Overtime Variations by State
Author: XpertHR Editorial Team
Almost everyone is familiar with the basic Fair Labor Standards Act (FLSA) requirement that all nonexempt employees must be paid at least one and one-half times their regular rate of pay for all hours worked beyond 40 in a workweek. But an employer also must comply with any state overtime requirements
Many states (marked N/A in the chart below) have no overtime requirements of their own. Except in rare cases in which an employer is not covered by the FLSA, employees in these states will need to be paid overtime according to federal rules.
Some states (marked "Same as federal") have their own overtime requirements, but they are for all intents and purposes the same as those of the FLSA.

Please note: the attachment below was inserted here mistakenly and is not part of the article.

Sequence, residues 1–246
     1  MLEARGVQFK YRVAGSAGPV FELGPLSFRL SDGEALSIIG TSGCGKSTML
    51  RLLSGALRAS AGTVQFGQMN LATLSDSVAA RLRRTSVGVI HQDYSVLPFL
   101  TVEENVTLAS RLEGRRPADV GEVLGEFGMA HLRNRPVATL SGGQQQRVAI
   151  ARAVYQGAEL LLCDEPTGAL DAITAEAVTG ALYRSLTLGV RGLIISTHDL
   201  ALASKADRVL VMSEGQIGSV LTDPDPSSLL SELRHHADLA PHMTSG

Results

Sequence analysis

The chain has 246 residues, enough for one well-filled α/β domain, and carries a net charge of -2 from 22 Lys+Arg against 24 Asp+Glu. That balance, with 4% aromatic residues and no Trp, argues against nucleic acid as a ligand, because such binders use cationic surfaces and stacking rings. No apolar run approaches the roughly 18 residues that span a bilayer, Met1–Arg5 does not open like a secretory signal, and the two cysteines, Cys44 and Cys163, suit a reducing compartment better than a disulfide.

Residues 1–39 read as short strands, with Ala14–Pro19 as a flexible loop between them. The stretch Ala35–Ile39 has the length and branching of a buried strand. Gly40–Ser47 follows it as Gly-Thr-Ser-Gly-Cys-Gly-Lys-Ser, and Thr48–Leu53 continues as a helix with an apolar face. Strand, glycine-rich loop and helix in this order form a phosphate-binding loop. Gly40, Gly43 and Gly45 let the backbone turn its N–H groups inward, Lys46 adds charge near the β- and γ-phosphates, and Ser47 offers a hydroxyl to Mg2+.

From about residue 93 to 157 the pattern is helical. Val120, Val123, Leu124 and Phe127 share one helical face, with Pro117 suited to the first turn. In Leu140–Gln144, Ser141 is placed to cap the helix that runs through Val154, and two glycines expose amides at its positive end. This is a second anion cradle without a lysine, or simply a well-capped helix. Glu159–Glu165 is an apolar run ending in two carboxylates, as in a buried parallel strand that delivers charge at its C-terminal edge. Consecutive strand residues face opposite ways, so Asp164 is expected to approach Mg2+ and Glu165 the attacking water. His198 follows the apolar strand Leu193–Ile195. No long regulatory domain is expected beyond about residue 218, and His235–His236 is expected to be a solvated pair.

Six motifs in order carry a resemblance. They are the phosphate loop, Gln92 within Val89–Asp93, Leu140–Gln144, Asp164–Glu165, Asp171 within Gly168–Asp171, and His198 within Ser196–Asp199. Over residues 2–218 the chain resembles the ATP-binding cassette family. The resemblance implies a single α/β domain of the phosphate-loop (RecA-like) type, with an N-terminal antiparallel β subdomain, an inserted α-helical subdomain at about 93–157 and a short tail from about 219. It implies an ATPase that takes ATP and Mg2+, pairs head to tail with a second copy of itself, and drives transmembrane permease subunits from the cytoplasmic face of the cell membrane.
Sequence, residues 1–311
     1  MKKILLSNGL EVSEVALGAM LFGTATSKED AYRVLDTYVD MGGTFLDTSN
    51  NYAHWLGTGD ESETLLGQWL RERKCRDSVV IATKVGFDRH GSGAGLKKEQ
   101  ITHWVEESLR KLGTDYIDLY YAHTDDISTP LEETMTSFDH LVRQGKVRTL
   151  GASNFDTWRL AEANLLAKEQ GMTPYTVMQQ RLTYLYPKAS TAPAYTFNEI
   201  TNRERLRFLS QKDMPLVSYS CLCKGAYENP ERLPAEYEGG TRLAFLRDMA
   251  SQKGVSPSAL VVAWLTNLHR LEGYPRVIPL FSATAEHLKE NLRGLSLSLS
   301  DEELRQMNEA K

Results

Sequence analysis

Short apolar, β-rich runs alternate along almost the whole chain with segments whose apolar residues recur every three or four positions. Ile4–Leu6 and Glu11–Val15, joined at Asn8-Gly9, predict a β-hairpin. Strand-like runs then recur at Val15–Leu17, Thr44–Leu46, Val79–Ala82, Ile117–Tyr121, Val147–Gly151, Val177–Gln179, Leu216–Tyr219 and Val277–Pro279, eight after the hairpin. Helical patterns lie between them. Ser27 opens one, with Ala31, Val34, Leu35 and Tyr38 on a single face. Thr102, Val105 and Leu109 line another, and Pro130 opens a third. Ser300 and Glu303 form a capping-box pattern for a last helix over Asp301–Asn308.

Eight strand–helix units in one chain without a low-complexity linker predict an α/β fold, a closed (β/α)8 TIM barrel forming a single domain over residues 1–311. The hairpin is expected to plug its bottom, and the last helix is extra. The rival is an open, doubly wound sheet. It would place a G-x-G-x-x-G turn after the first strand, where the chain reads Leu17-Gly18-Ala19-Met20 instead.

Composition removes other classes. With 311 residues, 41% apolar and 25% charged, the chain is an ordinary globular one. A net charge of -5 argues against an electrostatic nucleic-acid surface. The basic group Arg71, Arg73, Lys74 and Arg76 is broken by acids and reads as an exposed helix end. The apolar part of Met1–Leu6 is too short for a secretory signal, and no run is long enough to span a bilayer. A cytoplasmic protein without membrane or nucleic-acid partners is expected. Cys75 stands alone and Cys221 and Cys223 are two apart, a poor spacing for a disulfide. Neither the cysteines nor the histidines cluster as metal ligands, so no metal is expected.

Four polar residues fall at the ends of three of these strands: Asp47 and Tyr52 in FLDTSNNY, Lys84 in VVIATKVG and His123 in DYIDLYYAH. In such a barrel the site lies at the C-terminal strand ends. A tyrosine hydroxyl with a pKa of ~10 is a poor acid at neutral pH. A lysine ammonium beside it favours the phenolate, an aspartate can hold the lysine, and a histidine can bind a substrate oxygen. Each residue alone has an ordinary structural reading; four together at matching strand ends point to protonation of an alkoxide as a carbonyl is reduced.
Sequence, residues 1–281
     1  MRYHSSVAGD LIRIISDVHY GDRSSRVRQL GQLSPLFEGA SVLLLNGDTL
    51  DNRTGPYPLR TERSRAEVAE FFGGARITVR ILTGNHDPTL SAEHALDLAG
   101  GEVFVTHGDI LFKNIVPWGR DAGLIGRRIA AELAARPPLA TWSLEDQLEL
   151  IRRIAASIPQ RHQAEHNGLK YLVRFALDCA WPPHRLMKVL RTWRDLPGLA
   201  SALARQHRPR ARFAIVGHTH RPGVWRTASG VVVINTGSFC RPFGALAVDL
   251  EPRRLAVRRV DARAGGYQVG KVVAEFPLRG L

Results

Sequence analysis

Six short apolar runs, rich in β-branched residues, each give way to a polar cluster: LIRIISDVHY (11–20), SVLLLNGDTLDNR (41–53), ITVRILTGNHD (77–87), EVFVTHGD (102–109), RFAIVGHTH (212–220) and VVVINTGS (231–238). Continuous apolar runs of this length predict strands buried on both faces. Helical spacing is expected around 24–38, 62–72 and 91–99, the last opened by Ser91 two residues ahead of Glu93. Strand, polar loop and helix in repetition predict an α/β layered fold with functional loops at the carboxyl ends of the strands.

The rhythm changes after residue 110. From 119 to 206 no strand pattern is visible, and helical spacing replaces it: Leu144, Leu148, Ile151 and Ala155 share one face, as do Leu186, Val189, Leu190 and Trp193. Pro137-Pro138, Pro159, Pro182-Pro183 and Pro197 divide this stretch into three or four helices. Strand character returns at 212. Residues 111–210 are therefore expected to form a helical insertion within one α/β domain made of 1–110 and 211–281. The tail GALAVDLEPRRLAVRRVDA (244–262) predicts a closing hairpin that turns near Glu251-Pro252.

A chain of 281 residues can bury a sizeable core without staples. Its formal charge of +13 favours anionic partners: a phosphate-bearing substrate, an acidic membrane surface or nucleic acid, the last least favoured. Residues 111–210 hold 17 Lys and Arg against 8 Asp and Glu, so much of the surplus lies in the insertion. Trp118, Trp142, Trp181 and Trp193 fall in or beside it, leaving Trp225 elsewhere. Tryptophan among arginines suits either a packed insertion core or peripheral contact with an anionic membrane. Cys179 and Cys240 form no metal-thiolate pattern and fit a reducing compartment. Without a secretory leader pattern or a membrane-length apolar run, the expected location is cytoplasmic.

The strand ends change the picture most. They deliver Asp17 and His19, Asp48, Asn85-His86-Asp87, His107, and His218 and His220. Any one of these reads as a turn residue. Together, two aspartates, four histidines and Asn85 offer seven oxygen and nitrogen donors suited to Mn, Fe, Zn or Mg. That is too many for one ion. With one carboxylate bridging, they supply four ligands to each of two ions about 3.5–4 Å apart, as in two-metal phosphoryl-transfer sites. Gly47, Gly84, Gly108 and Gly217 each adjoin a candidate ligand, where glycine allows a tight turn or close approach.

Other states have unique requirements for private-sector employers, which are briefly described in the chart below. In some states - Alaska, California, Colorado, Florida, Massachusetts, Nevada, Oregon and Rhode Island - the overtime standard is more stringent than the federal standard. In these states, the more stringent state standard must be followed, except in rare cases in which an employee is exempt from state overtime requirements but not federal overtime requirements. In other states - Kansas, Minnesota and New York - the reverse holds true.
Note: This chart does not address state overtime requirements beyond the basic formulas for computing overtime, such as alternative work periods (besides the usual 40 hours per week), compensatory time off, forms of compensation that must be included in the regular rate, and other state-specific variations. These subjects are addressed in the State Requirements section of the Employment Law Manual.